'Band-rumped' Storm-petrels almost certainly Madeiran.
Now it was interesting that two Leach's Petrels were also claimed. I have to say I saw nothing to suggest Leach's, one of the birds in question was photographed by another birder. I asked to be sent the pictures when I got home, which to me showed a 'Band-rumped' Petrel with some moult in the white of the rump. So though Leach's appeared on the day's tally for others it didn't for us!

Cory's Shearwaters and Bulwer's Petrels are almost taken for granted, but the latter are amazing birds to watch in flight especially as our chances of seeing one back home are incredibly slim.
Bulwer's Petrel, what a distinctive flight and shape - one day Start Point (dream on)!
A Bulwer's Petrel dwarfs a Madeiran Storm-petrel which aren't small compared to our European [British] Storm-petrels.


Another Shearwater you don't necessarily associate with Madeira are Manx. Yet a small population breeds in the interior mountains. They regularly come to chum on WindBirds pelagics, something I didn't find when I used to work on a fishing boat off South Devon and regularly chummed for seabirds. I can only ponder, either Catarina and Hugo have some 'secret' ingredient or our British Manx are more fussy? 
Manx Shearwater - regular on pelagics off Madeira, often coming in on chum - something I didn't find back at home when I used to do a lot of  'chumming' off South Devon
 Now one bird you hope to see off Madeira is Barolo Shearwater (they breed on nearby islands), but they are not easy, due to being relatively rare with a declining population and don't come to chum (boat shy). In 2015 I had a fleeting glimpse of one at dusk when heading back in after one pelagic. This time we were lucky again, Del and I spotted two birds initially coming head on, in 'characteristic' fast beating flight, I quickly took a camera shot. They quickly crossed the chum slick and whizzed off into the distance. Sadly none of the other seabirders got on them a part from C&H, the quick shot I took remarkably was in-focus (see below).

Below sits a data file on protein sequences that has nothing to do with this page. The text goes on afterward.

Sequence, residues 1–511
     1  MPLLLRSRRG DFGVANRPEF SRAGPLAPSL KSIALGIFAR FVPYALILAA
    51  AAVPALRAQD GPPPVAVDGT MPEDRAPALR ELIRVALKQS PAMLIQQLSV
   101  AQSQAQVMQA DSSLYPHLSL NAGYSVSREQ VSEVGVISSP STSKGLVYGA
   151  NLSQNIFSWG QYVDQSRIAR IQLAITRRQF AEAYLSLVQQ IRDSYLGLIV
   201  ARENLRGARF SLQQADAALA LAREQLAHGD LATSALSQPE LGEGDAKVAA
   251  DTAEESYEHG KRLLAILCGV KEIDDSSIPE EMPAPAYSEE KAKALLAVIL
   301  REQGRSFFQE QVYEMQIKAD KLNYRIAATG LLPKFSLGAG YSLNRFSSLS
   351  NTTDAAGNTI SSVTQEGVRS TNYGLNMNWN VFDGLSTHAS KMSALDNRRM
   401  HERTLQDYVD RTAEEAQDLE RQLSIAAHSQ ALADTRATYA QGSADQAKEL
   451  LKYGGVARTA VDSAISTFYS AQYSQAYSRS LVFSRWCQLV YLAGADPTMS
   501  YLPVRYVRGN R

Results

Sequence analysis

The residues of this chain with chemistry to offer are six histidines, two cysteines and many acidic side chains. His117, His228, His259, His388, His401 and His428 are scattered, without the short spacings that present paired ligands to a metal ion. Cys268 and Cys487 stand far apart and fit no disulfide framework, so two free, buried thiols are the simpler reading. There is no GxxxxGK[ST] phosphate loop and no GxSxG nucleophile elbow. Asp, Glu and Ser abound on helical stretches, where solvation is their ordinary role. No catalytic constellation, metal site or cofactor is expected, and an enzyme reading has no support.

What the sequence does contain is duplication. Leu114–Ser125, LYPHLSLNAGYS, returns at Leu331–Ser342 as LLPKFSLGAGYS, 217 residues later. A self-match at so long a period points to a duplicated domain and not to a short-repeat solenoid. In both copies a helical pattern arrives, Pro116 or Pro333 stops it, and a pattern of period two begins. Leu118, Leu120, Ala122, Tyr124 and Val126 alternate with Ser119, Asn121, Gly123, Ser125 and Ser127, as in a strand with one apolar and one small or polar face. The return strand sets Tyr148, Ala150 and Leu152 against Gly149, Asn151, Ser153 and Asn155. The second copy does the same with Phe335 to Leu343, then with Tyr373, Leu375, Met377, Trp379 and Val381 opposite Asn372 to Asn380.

Barolo Shearwater coming head on - white-face and isolated eye (not always a feature), but seen nicely on this bird. Note sea is still roughish for pelagic 2 but far better than 1.
So we ended pelagic two with a very nice selection of eight tubenoses and my years' tally hit double figures - a nice round 10.
Roseate Tern - quite a bit of red on the base of the bill on his bird as some do.
Its not all tubenoses of course and it was nice to see Common and Roseate Terns and a Bonxie, the only gulls we saw were Yellow-legged and Black-headed (at Machico); as a group we definitely get a better selection back home - so don't come to Madeira if your a larophile.